November 23, 2010
Avarice, murder, love and lunacy
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Lantos noted that a great deal of Richler is in the character of Barney Panofsky, who is given to behaving outrageously, as he does during his wedding to his second wife (Minnie Driver), depicted as a kind of “Jewish princess.”
“She’s well off, from a good family, and he certainly was an ambitious guy who just landed in this city after being in Europe as a young man. Then she gets him integrated into a kind of upscale Jewish community, so it was a marriage of convenience, and she’s also attractive. And then, bang! Right there, he meets the love of his life.
“Now, what most people would do in that circumstance is take notice and keep going, and move on, and not linger, and not do anything about it,” Lantos continued. “Barney Panofsky runs out of his wedding and chases this woman that he has just met onto a train. Now, it’s something I certainly would have fantasized about doing, and I think many do, but it’s something very few would actually attempt. That’s sort of the character that he is.”
The woman he chases, Miriam (Rosamund Pike), eventually becomes his third wife and the love of his life. However, seemingly because he can’t help himself, Barney manages to wreck his dream marriage.
“I think how we destroy the things that we love is an important theme in the movie,” mused director Richard Lewis. “This is a love story, as far as I’m concerned, and one of the themes that I was interested in conveying … is the idea that love comes in all shapes and sizes, and you never know when it’s going to hit you, and it’s thoroughly inappropriate, most of the time. And I think that the idea that when it happens, it happens, is something that I kind of believe in. That happened in my life, too, so I think that that’s a theme in the movie as well.”
“Little Fockers,” opening Dec. 22, is the third film in a series about Gaylord “Greg” Focker (Ben Stiller), a Jewish male nurse who marries Pam Byrnes (Teri Polo), the daughter of an upper-echelon WASP couple, Jack and Dina Byrnes (Robert De Niro and Blythe Danner). The first in the series, “Meet the Parents,” established the culture clash inherent in the blending of two families from very different backgrounds, with De Niro’s character, an ex-CIA agent, distrusting and intimidating his potential son-in-law.
The second installment, “Meet the Fockers,” had the WASP Byrnes family meeting Bernie and Roz Focker (Dustin Hoffman and Barbra Streisand), the Jewish parents of the intended groom, in Florida. After a series of mishaps, De Niro’s character finally accepts the other family, and the young couple gets married.
In “Little Fockers,” Greg and Pam have been married 10 years and will be celebrating the birthday of their twins. When Greg takes a job with a drug company to bring in extra income, Jack once again begins to doubt his son-in-law’s worthiness.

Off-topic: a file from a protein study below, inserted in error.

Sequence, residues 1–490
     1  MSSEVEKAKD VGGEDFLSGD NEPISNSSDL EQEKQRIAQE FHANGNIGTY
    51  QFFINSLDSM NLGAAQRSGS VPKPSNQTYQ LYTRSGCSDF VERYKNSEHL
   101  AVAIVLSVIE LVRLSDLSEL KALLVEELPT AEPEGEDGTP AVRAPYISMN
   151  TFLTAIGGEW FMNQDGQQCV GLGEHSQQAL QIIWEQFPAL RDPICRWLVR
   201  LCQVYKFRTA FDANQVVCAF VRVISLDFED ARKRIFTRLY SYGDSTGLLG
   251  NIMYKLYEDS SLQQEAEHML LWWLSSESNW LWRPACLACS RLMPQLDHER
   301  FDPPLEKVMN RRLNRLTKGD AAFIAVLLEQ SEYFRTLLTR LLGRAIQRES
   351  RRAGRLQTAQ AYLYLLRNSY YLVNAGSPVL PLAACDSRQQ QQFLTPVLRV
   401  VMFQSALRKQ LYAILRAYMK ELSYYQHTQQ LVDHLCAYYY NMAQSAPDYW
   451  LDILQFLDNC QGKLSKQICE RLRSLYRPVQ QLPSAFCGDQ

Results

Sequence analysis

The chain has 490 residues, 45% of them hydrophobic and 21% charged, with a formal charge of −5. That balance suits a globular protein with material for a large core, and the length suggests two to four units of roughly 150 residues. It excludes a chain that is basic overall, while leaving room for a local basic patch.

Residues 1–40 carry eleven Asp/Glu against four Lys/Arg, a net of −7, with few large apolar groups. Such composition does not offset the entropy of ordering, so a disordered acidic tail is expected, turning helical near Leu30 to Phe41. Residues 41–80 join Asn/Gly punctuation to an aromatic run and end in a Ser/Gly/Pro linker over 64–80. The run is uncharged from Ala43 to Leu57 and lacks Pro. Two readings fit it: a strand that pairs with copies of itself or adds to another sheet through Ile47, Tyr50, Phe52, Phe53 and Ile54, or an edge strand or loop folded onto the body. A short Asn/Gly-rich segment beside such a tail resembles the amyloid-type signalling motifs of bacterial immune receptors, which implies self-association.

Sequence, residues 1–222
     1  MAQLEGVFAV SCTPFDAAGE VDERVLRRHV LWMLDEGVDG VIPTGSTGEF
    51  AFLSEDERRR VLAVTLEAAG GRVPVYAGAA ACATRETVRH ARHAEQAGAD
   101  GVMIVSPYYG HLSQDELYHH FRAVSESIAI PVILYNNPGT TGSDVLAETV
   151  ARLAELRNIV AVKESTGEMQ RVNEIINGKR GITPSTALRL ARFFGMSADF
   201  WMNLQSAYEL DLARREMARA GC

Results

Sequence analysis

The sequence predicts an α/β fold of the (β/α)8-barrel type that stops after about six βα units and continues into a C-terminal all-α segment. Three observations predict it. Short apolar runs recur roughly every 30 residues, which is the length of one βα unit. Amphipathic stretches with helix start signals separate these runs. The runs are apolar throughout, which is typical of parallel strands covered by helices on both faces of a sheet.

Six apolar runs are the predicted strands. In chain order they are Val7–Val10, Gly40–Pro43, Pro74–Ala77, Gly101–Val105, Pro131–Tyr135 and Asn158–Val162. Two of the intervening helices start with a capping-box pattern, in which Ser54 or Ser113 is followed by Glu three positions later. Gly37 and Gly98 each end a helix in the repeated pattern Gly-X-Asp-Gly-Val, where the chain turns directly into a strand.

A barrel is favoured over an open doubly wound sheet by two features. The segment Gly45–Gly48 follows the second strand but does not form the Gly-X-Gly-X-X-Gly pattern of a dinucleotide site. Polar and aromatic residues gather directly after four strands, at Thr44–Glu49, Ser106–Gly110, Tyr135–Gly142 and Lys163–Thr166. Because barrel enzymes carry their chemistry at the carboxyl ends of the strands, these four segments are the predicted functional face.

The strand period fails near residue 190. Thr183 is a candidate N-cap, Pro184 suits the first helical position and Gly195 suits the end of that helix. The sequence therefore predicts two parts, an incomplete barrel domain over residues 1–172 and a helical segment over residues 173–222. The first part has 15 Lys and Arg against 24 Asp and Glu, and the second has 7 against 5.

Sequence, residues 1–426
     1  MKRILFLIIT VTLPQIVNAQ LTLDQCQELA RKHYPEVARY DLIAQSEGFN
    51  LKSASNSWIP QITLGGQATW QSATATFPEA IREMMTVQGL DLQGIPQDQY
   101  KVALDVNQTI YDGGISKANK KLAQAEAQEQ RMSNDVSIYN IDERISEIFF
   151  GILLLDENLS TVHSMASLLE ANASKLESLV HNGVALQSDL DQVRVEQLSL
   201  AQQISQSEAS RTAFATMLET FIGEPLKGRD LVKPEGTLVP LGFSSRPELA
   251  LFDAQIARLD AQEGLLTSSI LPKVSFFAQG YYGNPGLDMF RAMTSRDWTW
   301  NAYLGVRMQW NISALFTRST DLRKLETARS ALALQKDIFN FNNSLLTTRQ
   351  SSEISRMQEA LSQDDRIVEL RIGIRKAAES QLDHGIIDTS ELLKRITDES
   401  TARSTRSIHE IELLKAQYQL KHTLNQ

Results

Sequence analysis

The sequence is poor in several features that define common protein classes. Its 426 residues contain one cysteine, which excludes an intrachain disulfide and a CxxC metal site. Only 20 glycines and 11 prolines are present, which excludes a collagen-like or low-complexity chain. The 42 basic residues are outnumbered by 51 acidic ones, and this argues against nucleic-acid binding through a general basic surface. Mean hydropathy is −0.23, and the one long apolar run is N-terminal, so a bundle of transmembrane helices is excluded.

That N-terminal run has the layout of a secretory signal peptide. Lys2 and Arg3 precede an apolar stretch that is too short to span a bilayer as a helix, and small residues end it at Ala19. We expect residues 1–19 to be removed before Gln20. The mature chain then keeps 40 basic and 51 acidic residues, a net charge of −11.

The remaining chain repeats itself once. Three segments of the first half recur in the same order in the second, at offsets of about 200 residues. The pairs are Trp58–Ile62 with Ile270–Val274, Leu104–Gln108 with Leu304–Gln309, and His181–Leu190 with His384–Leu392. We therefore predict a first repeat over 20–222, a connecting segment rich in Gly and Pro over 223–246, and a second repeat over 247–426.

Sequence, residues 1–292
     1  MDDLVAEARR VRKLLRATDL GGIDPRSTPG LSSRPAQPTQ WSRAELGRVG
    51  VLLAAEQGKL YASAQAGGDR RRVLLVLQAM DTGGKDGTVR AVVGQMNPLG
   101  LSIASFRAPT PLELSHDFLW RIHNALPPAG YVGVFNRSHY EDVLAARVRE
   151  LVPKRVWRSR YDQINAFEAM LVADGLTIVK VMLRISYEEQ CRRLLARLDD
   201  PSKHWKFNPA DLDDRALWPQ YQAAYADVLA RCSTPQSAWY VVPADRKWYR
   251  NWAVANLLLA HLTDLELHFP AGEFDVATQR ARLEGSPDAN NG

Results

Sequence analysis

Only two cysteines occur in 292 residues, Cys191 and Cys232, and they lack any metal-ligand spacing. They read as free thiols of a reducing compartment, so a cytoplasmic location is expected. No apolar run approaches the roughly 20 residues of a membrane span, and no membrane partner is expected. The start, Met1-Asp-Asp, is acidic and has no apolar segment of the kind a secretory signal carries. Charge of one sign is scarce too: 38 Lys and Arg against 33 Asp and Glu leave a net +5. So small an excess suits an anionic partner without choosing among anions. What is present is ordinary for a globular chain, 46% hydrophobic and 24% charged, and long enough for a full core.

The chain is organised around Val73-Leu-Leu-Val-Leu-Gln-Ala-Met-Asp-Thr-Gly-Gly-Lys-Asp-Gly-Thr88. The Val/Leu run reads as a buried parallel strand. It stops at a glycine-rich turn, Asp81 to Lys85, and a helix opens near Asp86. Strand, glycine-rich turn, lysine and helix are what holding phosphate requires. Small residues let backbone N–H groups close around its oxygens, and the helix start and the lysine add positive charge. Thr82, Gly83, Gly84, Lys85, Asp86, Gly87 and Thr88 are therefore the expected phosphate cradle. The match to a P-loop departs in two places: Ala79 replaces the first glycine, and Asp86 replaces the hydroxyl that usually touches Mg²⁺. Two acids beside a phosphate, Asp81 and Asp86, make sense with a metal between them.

The main character in our final recommendation is plagued with conflict about her own worthiness as a dancer.
“Black Swan,” in Los Angeles theaters Dec. 3, stars Israeli-born Natalie Portman as a young ballerina slowly driven mad in her quest for perfection after being cast in a ballet that presents her with agonizing physical, emotional and artistic challenges.
Portman plays Nina, a dancer with a New York ballet company, who is given the lead role in “Swan Lake,” replacing prima ballerina Beth MacIntyre (Winona Ryder). The part calls for a dancer who can project both the innocence and purity of the White Swan, an easy task for Nina, and the dark sensuality of the Black Swan, a quality that eludes her. In addition to the torture of trying to meet the demands of the role, Nina has to contend with a controlling mother (Barbara Hershey), whose own ambitions as a dancer were thwarted, and a new company member, a potential rival named Lily (Mila Kunis), who is the embodiment of the Black Swan. As she struggles to find the required darkness in her soul, Nina begins an emotional descent that may well destroy her.
The film is replete with dazzling dance sequences, and, at the same time, it embodies an atmosphere of genuine psychological terror.
Director Darren Aronofsky manages to create an ambience of sublime beauty while also conveying the arduousness of a ballet dancer’s life and work. He also puts the audience members inside Nina’s psyche, making it difficult to distinguish between the real and the unreal as Nina goes through a series of delusions.
Though there are no Jewish elements in the story, the production represents a collaboration of creative artists with Jewish roots, from Brooklyn-born Aronofsky to the four female stars: Portman was born in Jerusalem to an Israeli doctor and an American housewife, the latter currently Portman’s agent. Kunis comes from Kiev, USSR (now Ukraine), and is of Jewish parentage. Ryder, born Winona Horowitz to a Jewish father and Buddhist mother, has reportedly referred to herself as Jewish. Hershey was born Barbara Lynn Herzstein and is the daughter of a Jewish father and a Presbyterian mother of Irish descent.
Happy holiday movie-going!